I'm using powershell a lot for performing upgrade actions on an existing Sharepoint installation. I try to keep the manual tasks to a minimum, since the (exact) same actions must be executed on different environments (DTAP).
Powershell scripts won't execute like a command file (like double-clicking in the explorer). Instead you need to open a commandline, navigate to the correct folder, start the powershell environment and then you can execute the powershell script. This is not so much an issue when a whole set of scripts need to be executed, but when I just want to run a single script this feels like a lot of work just to start a single script. So to make executing a powershell script a little easier, I've created a simple command file that will execute a single script. It works simply by dropping the desired powershell script on it in the explorer.
Create a command file with a name like 'ExecutePowershell.cmd' and put in the following code:
echo Execute powershell:
powershell.exe "& "%1%""
The trick here is of course in the way powershell is started. You can use this syntax to run scripts from a file, like so:
powershell "& .\scriptfile.ps1"
Don't forget the .\ if you're running a script from the current directory (or powershell won't find the script). And when the path to the script contains spaces, place it between double double quotes (because the quotes are used within an, already quoted, string), like so:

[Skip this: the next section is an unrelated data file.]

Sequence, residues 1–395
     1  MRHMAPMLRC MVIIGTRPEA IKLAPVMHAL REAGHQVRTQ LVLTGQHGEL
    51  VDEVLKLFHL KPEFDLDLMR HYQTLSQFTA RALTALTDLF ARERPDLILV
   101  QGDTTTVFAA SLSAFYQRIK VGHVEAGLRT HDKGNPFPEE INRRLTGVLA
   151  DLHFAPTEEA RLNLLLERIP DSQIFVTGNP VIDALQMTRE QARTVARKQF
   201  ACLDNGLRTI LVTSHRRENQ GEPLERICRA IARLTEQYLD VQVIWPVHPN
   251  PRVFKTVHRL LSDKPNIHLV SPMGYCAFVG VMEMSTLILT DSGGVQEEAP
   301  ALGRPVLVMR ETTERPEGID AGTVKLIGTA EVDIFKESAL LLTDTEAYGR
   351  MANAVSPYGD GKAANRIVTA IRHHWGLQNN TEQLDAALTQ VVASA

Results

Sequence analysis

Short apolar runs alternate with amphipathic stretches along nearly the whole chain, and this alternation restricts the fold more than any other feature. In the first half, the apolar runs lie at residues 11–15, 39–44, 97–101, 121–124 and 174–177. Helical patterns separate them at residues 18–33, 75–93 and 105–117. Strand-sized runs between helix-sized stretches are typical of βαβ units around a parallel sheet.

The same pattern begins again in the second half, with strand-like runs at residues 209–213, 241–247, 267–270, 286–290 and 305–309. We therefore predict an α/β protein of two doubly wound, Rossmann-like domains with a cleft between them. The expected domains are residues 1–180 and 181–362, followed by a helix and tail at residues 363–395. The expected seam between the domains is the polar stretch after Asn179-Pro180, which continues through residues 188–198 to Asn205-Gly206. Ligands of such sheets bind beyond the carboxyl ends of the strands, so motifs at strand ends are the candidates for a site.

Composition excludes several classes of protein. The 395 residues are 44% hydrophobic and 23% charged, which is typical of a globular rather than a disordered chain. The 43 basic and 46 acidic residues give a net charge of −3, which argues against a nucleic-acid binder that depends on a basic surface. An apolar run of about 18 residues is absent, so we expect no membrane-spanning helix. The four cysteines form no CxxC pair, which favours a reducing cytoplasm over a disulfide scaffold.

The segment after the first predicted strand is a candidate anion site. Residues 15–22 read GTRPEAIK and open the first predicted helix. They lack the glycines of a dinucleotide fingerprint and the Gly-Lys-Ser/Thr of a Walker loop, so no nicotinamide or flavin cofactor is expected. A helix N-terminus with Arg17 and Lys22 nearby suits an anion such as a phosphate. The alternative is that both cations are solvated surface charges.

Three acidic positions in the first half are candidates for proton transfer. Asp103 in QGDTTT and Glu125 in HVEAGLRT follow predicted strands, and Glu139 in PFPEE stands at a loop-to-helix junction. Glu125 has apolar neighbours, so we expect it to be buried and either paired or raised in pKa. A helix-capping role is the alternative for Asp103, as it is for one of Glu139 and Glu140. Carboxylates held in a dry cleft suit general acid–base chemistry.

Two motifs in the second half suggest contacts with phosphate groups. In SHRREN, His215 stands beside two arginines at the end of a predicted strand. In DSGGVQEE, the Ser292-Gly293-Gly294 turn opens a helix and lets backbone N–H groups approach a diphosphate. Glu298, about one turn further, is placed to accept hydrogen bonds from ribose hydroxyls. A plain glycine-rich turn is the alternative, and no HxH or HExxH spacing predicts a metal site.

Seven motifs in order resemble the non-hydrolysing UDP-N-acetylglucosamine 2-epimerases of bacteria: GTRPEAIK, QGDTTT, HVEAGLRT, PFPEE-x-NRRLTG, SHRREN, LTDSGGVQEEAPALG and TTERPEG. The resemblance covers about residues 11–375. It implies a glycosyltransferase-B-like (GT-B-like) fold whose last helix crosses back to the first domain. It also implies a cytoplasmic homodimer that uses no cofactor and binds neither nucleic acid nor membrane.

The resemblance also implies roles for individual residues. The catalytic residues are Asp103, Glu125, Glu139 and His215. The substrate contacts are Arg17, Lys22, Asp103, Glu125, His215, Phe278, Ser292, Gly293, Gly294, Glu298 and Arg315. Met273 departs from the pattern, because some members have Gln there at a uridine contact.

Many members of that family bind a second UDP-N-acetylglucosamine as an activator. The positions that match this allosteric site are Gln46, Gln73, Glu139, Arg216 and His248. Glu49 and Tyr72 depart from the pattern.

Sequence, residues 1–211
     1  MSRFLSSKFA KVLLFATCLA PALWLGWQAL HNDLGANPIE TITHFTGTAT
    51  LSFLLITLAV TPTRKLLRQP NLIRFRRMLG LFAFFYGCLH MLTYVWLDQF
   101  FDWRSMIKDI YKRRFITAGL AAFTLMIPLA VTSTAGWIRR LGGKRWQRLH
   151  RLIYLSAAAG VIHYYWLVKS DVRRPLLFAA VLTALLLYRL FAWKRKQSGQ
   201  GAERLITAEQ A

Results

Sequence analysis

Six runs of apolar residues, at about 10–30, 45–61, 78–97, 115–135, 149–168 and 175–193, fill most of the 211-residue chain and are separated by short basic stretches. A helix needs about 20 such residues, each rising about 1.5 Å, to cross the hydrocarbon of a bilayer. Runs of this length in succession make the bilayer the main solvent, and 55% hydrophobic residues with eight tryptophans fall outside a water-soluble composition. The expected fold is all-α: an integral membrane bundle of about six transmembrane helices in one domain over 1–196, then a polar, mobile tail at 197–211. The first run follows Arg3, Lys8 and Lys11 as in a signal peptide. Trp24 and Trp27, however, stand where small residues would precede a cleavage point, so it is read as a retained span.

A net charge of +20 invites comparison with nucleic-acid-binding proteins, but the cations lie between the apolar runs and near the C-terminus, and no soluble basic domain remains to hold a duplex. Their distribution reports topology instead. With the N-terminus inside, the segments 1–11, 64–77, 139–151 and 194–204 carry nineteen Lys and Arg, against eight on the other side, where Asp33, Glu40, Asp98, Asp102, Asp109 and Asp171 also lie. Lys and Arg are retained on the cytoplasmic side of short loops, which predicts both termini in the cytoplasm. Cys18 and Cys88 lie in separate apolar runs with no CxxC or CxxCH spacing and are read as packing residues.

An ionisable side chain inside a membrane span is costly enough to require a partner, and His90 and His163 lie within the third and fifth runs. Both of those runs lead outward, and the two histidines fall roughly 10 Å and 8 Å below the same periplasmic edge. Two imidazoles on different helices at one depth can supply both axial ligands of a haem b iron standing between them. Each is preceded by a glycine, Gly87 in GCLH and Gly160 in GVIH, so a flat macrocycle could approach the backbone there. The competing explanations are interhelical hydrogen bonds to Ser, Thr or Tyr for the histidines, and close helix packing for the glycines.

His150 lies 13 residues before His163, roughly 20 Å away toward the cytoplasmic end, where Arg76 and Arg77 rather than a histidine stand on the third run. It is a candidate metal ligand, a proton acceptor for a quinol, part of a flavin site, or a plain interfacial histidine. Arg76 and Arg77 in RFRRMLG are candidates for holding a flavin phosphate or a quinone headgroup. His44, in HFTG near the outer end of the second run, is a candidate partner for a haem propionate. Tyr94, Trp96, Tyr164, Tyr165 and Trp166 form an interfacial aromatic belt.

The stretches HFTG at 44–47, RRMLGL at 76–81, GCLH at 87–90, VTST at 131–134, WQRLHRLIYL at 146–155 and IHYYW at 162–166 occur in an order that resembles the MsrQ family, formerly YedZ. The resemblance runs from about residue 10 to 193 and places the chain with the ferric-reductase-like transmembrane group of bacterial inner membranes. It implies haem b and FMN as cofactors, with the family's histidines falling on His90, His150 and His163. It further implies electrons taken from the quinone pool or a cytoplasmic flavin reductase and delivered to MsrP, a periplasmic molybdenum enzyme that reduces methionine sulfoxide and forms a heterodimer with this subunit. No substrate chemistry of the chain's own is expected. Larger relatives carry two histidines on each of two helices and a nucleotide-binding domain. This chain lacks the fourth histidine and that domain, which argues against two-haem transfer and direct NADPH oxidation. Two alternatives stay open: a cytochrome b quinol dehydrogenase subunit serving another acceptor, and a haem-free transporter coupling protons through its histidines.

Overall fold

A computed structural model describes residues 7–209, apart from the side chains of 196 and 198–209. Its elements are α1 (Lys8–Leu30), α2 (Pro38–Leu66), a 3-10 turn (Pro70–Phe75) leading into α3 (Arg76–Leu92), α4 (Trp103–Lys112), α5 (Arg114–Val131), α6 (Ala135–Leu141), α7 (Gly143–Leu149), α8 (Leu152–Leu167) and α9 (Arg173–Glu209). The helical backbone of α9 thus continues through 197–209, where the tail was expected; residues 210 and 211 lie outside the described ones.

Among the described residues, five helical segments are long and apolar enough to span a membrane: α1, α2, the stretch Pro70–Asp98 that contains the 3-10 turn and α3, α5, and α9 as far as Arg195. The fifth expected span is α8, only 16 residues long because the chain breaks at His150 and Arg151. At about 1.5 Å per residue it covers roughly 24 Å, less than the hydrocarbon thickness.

powershell "& ""Installation Scripts\scriptfile.ps1"""
Or run a single (or several) statements, like so:
powershell "& get-process"
With a previous post, I had some trouble with the code-formatting in BlogEngine.NET. I didn't have time to investigate, so I quickly fixed it with some inline styling. But planning to post some more code in the future, I decided to look into it today. Quickly I found my problem: I had forgotten to put the language into the code-element. So in that particular case I added ':js' and it all worked fine.
Now I had code-formatting working, but I wasn't very pleased with the results. Having looked at the code, I found the options for adding line-numbers and alternating line-styles. A first issue was that the line-numbers didn't align correctly. I thought it would be a minor styling issue. But then, adding more lines of code, my whole page layout got messed up. After a quick look at the code I found the problem: an alternating row is started with a p-tag, but is ended with a div-tag. This is fixed with a small modification as demonstrated below:
Another thing I noticed, was that the tabs or spaces in front of a line didn't show. This happens because browsers render multiple spaces as a single space. The code formatter changes a tab into a number of spaces, which I decided to change as follows:
- In the same SourceFormat.cs, locate the following line (almost at the top of the method):
- Replace it with the following code:
StringBuilder tabSpaces = new StringBuilder();
for (int tabIndex = 0; tabIndex < _tabSpaces; tabIndex++)
- Again, save the changes and upload the file
This only correctly replaces tabs in the code, not spaces. I guess a better solution would be to leave the original Replace, and then replace all leading spaces with . But that's for another time ;-).